In 2009 I found myself teamed up with UX designers, mobile developers and solution’s architects, all of us tasked with the developing and bringing to market a range of mobile products for GM. Developing what was for the time a unique product concept was far more captivating than the tried and true microsite that so much advertising work of the time focused on. Be it digital or physical a successful product must answer an existing need in order to succeed, rather than creating an apparent need as is the goal of most advertising.
Over the past 3 years of my career the Product Design has shifted to the forefront of my professional disciplines. Working at Lifion I find myself side by side with product owners to develop new products within the Micro Services Architecture that the company adheres to. In this way I have helped define and develop products for the effective dating of records in HR systems and received a patent in the process. I have also led a cross team effort to design a directory of company associates that can be reconfigured to the needs of a regular employee, a manager seeking greater visibility of their team, and a human resources practitioner that may be tasked with administering benefits adjustments for one group of associates and then switch lenses and audit time-off balances for another group.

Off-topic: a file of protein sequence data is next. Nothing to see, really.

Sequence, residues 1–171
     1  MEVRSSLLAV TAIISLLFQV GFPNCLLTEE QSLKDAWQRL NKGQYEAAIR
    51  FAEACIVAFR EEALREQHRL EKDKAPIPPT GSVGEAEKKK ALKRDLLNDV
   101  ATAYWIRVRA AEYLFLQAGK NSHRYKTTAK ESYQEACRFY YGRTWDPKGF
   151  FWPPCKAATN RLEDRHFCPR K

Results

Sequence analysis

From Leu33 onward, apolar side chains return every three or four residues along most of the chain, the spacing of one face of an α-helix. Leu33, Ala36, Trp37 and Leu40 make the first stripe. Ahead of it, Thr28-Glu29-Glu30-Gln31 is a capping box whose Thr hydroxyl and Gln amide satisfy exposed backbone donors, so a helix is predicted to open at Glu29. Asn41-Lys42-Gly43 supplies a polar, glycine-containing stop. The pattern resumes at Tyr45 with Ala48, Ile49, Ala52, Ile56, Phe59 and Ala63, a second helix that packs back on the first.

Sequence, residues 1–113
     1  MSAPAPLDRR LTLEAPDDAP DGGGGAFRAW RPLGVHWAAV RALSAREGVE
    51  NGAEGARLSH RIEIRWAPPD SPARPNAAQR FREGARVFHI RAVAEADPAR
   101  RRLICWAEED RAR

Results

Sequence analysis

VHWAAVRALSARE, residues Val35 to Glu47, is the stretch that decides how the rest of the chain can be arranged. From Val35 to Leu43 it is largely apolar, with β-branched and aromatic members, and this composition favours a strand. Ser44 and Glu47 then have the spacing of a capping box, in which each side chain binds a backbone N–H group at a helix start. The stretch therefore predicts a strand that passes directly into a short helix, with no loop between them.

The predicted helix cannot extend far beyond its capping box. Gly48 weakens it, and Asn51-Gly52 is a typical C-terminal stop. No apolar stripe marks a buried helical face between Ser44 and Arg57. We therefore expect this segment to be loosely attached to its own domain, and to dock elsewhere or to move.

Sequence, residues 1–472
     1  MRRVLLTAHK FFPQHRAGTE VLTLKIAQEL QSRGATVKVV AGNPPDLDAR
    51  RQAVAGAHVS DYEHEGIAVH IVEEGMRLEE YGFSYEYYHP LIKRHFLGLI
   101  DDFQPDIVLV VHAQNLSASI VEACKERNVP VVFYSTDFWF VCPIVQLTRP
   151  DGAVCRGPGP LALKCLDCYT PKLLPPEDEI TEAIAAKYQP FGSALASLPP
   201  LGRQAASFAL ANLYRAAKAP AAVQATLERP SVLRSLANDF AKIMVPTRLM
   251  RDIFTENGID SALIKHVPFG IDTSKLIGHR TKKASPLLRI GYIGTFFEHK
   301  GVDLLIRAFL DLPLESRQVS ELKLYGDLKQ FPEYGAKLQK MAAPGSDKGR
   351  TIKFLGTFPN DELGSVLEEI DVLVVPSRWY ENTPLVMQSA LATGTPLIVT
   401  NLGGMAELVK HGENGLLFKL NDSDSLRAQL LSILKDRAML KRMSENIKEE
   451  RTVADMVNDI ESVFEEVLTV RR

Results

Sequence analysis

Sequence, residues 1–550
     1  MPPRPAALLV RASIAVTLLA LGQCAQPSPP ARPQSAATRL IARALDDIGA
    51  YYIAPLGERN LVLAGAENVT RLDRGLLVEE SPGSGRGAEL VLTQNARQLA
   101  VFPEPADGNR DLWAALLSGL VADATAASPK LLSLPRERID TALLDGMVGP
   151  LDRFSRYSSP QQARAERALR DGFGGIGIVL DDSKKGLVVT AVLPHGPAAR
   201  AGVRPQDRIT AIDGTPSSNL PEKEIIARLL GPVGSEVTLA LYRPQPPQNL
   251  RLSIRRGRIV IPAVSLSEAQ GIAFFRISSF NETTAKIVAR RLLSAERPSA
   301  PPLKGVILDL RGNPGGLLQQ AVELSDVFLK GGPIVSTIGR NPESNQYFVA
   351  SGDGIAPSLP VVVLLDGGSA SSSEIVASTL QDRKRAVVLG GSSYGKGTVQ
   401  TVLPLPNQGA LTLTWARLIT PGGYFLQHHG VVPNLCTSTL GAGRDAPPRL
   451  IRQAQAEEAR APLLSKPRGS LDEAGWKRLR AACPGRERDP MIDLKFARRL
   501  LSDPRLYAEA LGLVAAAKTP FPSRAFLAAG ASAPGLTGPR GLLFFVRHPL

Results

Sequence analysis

User Experience Design
Starting in 2008 I transitioned from print to interactive design and found myself working with UX designers for the first time in my career.
I was first exposed to User Experience design while executing my responsibilities as a visual designer and art director in the advertising world. At the time this was a discipline that ran parallel to design and didn’t necessarily overlap. It quickly became my practice to establish a more collaborative relationship with UX designers on any projects I was a part of. I immediately found the relationship to be very rewarding. Incorporating best practices into my designs, debating the virtues and downsides of different user flows with UX designers and incorporating usability benchmarks into my visual designs appeared to improve both the functionality and the style of digital products I worked on. the marketing world UX means setting certain traps for users while helping them avoid others. In 2014 I found that the sort of interactive work that was available to me in the realm of advertising had grown stale and dissatisfying. Marketting is a templated business with seemingly new platforms needing to be brought into the market every quarter. I realized that developing a comprehensive product required more time and a different business model. An opportunity to join a company starting on the creation of a whole new product for the HR space presented itself and I retired my Art Director garb for that if anUX designer. New challenges awaited me. An unstructured startup environment demands a very different approach to get one’s work noticed and valued. Every opportunity to make an impact with the entire UX team.
Of all the visual disciplines I pursue, this one is a strong favorite although it’s true nature continues to perplex and elude me. Capturing a still or moving image is a conscious act, it is the projection of my personal character into the world as I am obviously trying to capture what my eye sees and how it sees.